Below is an exclusive excerpt from A JANE AUSTEN DAYDREAM by Scott D. Southard. It is Chapter II of Volume I.
A JANE AUSTEN DAYDREAM is published by Madison Street Publishing and can be found in print and eBook formats. As an ebook it is available for Amazon , Kobo , and Barnes and Noble’s Nook for only $3.99.
Chapter II from Volume I
A JANE AUSTEN DAYDREAM by Scott D. Southard
“Attention, please. Could I please have your attention?”
Rev. Austen reached down towards the table, picked up his salad fork, and rapped it against his glass for attention at that evening’s dinner. He continued to do so until each of the members of his family ended their conversations and turned to face him. Young Charles was the last to do so and seemed particularly upset at having his story interrupted. The Reverend hit the glass one more time for good measure and looked across at his now quiet family.
“It has come to my attention, or, to say it more bluntly, it has been presented to me, that the young women of the Austen family are no longer children.”
Mrs. Austen sat up straighter and looked smugly at the rest at the table.
“Is that a compliment, Cassandra,” Jane asked across the table to her sister, “or is he about to ask us to slow down our aging? I cannot dare to speak for you, but Mother Nature rarely listens to me on such matters.”
“Jane, please,” Mr. Austen said. “You have both reached a time in your life when you should no longer be thinking of the frivolous things you plan your days around, but consider the idea of—the sanctity of—marriage.”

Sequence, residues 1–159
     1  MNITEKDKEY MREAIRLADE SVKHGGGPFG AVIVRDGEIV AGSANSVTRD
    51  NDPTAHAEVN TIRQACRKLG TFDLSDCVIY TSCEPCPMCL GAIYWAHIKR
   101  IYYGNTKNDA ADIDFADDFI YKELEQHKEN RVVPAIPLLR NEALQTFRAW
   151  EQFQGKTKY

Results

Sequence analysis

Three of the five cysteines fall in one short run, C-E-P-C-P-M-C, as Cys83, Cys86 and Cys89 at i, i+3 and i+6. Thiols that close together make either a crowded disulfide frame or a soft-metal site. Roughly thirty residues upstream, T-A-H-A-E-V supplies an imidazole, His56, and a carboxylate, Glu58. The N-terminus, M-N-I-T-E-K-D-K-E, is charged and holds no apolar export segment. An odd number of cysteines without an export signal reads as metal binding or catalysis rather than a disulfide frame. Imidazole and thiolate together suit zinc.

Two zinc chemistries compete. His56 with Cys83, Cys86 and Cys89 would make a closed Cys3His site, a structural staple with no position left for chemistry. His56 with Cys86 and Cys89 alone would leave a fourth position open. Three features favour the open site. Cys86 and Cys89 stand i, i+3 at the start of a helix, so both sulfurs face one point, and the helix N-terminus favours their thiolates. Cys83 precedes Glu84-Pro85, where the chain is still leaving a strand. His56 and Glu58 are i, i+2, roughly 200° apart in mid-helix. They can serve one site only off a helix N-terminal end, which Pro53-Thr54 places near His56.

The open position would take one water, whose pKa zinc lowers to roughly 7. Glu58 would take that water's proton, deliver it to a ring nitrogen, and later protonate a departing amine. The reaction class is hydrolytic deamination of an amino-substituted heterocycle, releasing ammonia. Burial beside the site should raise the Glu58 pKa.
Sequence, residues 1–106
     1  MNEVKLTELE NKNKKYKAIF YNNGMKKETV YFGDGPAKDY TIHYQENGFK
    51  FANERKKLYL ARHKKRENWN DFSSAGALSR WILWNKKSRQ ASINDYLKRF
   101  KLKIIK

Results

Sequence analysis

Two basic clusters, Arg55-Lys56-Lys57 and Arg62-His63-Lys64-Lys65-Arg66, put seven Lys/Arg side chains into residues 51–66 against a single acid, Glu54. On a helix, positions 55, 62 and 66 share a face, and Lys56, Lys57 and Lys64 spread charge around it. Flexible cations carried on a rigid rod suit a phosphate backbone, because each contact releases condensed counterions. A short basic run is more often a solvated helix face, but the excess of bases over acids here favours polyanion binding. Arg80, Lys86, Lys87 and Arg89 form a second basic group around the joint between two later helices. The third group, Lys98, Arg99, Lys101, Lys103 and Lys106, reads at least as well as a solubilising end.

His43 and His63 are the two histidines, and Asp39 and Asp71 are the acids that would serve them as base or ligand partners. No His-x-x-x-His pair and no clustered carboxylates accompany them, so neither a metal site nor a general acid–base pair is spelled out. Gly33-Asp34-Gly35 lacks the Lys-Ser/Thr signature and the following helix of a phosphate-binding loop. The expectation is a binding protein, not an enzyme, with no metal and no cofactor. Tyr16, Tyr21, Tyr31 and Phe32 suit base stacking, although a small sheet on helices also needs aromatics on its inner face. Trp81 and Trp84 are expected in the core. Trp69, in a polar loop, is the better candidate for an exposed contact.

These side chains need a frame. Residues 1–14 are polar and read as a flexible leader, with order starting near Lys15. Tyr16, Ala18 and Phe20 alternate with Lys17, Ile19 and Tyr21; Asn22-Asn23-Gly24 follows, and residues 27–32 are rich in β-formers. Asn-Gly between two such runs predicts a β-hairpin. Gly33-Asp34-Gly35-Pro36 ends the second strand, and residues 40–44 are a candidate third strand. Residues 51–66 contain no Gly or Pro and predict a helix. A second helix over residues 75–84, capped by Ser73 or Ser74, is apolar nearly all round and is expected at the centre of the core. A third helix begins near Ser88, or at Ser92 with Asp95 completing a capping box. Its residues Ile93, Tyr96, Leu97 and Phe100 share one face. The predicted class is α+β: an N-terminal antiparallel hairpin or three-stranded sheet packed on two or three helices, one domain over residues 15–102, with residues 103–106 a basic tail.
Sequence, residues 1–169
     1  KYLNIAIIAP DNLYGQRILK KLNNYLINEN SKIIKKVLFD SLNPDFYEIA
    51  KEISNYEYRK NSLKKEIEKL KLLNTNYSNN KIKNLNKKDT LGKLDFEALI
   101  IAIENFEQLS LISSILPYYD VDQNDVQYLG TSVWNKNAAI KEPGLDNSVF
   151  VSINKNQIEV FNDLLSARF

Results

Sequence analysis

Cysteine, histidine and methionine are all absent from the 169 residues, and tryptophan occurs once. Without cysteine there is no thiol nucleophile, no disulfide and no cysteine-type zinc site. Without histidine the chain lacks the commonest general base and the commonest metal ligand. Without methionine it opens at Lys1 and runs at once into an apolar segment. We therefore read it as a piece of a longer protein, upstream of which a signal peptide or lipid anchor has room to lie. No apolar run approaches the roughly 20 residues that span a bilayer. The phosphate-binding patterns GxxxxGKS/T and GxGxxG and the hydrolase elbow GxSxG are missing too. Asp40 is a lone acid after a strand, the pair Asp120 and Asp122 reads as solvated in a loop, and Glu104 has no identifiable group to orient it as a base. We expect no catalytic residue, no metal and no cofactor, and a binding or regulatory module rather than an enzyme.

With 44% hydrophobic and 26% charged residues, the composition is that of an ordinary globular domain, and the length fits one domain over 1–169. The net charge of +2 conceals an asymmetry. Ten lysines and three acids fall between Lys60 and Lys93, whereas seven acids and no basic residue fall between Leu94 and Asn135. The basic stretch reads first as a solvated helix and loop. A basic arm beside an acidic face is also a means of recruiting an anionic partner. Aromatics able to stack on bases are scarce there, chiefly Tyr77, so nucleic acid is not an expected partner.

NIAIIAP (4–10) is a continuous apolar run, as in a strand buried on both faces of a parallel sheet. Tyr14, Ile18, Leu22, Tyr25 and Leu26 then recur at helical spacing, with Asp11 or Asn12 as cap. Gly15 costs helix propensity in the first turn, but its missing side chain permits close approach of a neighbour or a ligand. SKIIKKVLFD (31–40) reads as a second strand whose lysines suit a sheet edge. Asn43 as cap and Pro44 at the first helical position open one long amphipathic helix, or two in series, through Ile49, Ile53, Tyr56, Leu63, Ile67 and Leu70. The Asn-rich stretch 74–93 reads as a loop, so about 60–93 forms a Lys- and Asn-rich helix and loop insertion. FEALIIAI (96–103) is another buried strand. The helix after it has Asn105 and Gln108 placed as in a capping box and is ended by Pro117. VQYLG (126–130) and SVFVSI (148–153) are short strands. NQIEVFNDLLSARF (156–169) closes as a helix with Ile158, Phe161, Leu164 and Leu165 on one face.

Cassandra and Jane glanced at each other for direction, but unable to find such help in each other’s eyes, they turned their attention back to their father.
“Whom do you want us to marry?” Cassandra asked with hand extended in the air (a common practice in their family, thanks to their days watching their father teach).
The Reverend coughed, awkwardly. “Do not worry, Cassandra. I am not about to send you on a fool’s mission. No, there is to be a ball.”
“A ball?” Cassandra looked around the small rectory. “You cannot mean here.” Her face seemed to grow paler with each passing strain of the conversation.
“No, no,” Mr. Austen said with a shake of his head. “Your brother, Edward Knight, has graciously offered to host the ball at Godmersham Park. Mrs. Knight has promised to handle all the arrangements. You can be assured, I am sure, that it will be quite a celebration.”
“For us?” Cassandra asked quickly. Her face was now horror-stricken as she glanced over at Jane. Jane, upon seeing the look on her sister’s pale face, had to stop herself from laughing.
Henry, with a bite of his chicken, began to speak quickly and almost too stridently. “I love dances. There is never a better time for drinks, company, good conversation, jokes, and for meeting young ladies. Edward also has all of the best in that regards. You are wise to do this, Father, very wise.” He added a carefree wink at the end, which the Reverend certainly did not appreciate. He took a sip of his water. “Dances, wonderful,” he said again.
“Henry,” Mr. Austen said sternly, “you are not invited.”